The plan included a wide range of executive actions; some did stand. But the main rule to reduce power plant greenhouse gas emissions, which wasn’t finalized until August 2015, did not last. GOP-led and fossil fuel states challenged it in court, freezing its implementation pending a final verdict.


Trump undoes policies, lawsuits ensue

Donald Trump was inaugurated as president in January 2017, and among his very first actions was a sweeping executive order meant to start neutralizing and reversing the Obama-era climate rules and policies. He also rescinded Obama’s climate action plan.

Trump and his allies in Congress went on to undo many environmental health and safety laws and regulations. The Trump EPA came up with its own approach to power plant CO2. In June 2019, the Trump EPA finalized (may require subscription) its “Affordable Clean Energy” rule.

A phalanx of blue state attorneys general promptly sued to stop it. And a platoon of red state attorneys general joined the courthouse fray on the other side. Eventually, the court system threw out the Trump plan as well.

So things were at an impasse when the Biden administration started. Biden’s EPA quickly started developing its own rule for power plant emissions. Rulemaking takes time — more so when it’s controversial. The EPA proposed the Biden “Power Plant Rule” in May 2023. It went final in April 2024, as we noted.

GOP states promptly went to court challenging it. Dem states took the other side.


An emerging player — the Supreme Court

By this time, there was another contender in the arena: the Supreme Court. The court had been moving steadily to the right (toward the GOP and utilities), as a result of three Trump conservative appointments.

This court has already whittled down the EPA’s authority to address climate pollution at least once — in the June 2022 West Virginia vs. EPA decision.

The legal arguments get dark and tangled very quickly, but it held that the Clean Air Act did not authorize the EPA to dictate generating technology, but only emissions limits. That decision was based on the court’s so-called “major questions” doctrine, which conservatives hope will limit a wide range of federal regulations.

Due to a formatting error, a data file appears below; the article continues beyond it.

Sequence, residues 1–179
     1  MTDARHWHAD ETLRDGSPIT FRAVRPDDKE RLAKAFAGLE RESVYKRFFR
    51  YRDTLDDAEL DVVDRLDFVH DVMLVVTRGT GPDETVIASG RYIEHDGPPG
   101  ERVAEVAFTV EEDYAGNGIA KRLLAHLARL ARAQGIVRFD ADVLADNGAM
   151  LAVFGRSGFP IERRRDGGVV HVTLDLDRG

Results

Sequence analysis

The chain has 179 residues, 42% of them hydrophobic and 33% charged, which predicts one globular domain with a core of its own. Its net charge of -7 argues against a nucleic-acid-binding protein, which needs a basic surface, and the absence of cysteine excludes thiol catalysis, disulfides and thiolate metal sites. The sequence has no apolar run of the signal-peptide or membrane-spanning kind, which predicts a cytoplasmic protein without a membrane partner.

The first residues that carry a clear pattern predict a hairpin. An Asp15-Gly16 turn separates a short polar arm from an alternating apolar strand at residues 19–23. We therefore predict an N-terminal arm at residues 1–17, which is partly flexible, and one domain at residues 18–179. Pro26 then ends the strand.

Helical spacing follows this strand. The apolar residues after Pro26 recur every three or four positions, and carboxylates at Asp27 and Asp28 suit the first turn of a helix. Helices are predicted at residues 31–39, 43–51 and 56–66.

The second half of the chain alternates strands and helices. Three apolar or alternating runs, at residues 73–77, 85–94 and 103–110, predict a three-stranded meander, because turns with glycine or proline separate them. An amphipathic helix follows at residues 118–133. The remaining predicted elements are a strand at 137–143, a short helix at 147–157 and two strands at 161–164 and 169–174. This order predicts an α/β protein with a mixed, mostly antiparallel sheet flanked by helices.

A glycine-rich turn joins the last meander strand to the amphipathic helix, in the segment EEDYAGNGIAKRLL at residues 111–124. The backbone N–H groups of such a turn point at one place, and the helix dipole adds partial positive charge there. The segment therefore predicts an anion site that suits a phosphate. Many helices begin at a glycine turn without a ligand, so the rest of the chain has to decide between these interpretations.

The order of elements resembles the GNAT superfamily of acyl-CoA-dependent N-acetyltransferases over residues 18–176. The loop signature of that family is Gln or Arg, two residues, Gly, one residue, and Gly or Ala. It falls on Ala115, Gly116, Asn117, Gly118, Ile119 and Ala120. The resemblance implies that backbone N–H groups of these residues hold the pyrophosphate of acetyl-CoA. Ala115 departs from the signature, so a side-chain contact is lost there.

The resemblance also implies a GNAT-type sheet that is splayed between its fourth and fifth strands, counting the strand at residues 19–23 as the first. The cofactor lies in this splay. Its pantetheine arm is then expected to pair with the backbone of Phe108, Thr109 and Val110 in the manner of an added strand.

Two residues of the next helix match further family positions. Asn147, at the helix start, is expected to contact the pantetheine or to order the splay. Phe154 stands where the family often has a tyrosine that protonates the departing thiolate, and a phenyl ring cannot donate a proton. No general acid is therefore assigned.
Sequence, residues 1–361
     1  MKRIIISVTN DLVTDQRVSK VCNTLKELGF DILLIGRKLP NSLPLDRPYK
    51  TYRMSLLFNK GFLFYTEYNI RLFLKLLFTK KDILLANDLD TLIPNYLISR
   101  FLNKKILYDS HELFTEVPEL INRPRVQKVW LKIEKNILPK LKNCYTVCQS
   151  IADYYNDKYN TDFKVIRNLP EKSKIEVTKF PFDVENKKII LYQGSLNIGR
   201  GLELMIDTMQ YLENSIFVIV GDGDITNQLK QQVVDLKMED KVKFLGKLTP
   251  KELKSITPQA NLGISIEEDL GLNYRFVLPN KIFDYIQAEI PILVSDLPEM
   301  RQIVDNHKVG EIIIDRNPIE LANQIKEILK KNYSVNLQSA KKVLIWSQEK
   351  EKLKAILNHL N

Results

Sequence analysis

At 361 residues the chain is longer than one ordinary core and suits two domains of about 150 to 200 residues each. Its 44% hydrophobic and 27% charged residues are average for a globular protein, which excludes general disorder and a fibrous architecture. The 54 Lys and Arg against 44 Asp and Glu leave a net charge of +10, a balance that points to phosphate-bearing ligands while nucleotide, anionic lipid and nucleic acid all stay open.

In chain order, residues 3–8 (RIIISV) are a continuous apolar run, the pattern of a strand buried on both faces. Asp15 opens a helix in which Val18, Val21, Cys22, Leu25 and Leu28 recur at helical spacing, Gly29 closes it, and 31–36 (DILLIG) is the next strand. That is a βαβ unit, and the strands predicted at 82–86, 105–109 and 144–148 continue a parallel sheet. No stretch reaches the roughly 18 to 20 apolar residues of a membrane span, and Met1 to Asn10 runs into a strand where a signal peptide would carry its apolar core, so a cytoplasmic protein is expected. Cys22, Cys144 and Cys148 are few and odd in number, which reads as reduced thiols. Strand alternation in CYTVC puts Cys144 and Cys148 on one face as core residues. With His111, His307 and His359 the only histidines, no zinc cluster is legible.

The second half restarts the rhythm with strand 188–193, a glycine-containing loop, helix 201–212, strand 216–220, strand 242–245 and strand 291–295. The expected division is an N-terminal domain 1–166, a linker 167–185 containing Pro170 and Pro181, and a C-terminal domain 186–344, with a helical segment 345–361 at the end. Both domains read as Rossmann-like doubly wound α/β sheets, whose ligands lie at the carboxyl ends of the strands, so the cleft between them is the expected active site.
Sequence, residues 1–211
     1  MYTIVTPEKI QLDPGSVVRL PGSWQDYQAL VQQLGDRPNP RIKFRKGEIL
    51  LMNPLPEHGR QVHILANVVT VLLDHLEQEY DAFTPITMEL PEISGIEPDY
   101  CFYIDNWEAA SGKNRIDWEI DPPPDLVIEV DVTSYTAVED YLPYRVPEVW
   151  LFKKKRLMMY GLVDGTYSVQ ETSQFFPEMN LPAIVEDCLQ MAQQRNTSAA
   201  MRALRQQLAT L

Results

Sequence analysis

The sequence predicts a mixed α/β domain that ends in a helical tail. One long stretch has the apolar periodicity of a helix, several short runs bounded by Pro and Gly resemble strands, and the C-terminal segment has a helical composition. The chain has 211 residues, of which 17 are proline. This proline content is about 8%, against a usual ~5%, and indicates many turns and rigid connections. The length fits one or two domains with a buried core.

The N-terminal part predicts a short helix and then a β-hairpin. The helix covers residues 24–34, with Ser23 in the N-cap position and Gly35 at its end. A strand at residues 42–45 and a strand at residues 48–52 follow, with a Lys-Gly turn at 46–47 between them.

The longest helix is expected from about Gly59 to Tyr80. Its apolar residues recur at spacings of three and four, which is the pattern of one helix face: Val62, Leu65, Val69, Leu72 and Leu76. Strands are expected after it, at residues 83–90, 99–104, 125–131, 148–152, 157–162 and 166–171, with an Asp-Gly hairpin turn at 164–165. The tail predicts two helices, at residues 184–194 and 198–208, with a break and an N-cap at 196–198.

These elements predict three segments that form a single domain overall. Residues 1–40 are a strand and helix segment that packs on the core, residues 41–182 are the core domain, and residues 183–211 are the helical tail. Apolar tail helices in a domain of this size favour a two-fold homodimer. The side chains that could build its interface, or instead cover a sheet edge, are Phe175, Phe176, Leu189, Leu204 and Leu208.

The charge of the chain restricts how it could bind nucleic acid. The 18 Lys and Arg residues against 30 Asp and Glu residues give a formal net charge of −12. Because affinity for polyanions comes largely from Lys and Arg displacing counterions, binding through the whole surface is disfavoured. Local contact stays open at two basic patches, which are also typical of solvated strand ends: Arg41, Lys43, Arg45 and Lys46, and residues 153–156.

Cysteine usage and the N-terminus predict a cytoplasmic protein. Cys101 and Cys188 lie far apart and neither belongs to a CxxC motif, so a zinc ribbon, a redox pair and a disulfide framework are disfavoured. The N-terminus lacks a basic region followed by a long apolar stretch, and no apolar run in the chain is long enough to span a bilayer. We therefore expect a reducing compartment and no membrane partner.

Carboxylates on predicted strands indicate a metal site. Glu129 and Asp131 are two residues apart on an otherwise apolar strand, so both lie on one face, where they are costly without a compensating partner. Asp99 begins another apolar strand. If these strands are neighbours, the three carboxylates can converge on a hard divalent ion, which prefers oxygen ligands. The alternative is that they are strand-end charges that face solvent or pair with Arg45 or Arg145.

The question now is whether

the court will get — and take —

an opportunity  to whittle down

the EPA’s regulatory power even further.


The question now is whether the court, currently clouded by questions of partisanship and corruption, will get — and take — an opportunity to whittle down the EPA’s regulatory power even further.

Fossil fuel and power companies expect the court to rule on it, although it hasn’t reached the high court level yet. The case (which has been joined by fossil and utility groups, as well as by environmental groups) is currently in the D.C. Circuit Court of Appeals, which is pretty liberal.

What now? A lot depends on the Supreme Court. A lot depends on the 2024 presidential election. A lot depends on the global market forces that are already driving the transition from fossil to renewable energy.

But the real truth of the situation may have been described in an April 26 New York Times article (may require subscription) by Coral Davenport. She described the Biden power plant rule as “one more hairpin turn in a zigzag approach to environmental regulation in the United States, a pattern that has grown more extreme as the political landscape has become more polarized.”

Sad but true.

[Editor’s Note: For more on this and related topics, see our Topic on the Beat: Climate Change page, which includes a selection of SEJournal stories as well as the latest climate change headlines from EJToday.]

Joseph A. Davis is a freelance writer/editor in Washington, D.C. who has been writing about the environment since 1976. He writes SEJournal Online's TipSheet, Reporter's Toolbox and Issue Backgrounder, and curates SEJ's weekday news headlines service EJToday and @EJTodayNews. Davis also directs SEJ's Freedom of Information Project and writes the WatchDog opinion column.

* From the weekly news magazine SEJournal Online, Vol. 9, No. 23. Content from each new issue of SEJournal Online is available to the public via the SEJournal Online main page. Subscribe to the e-newsletter here. And see past issues of the SEJournal archived here.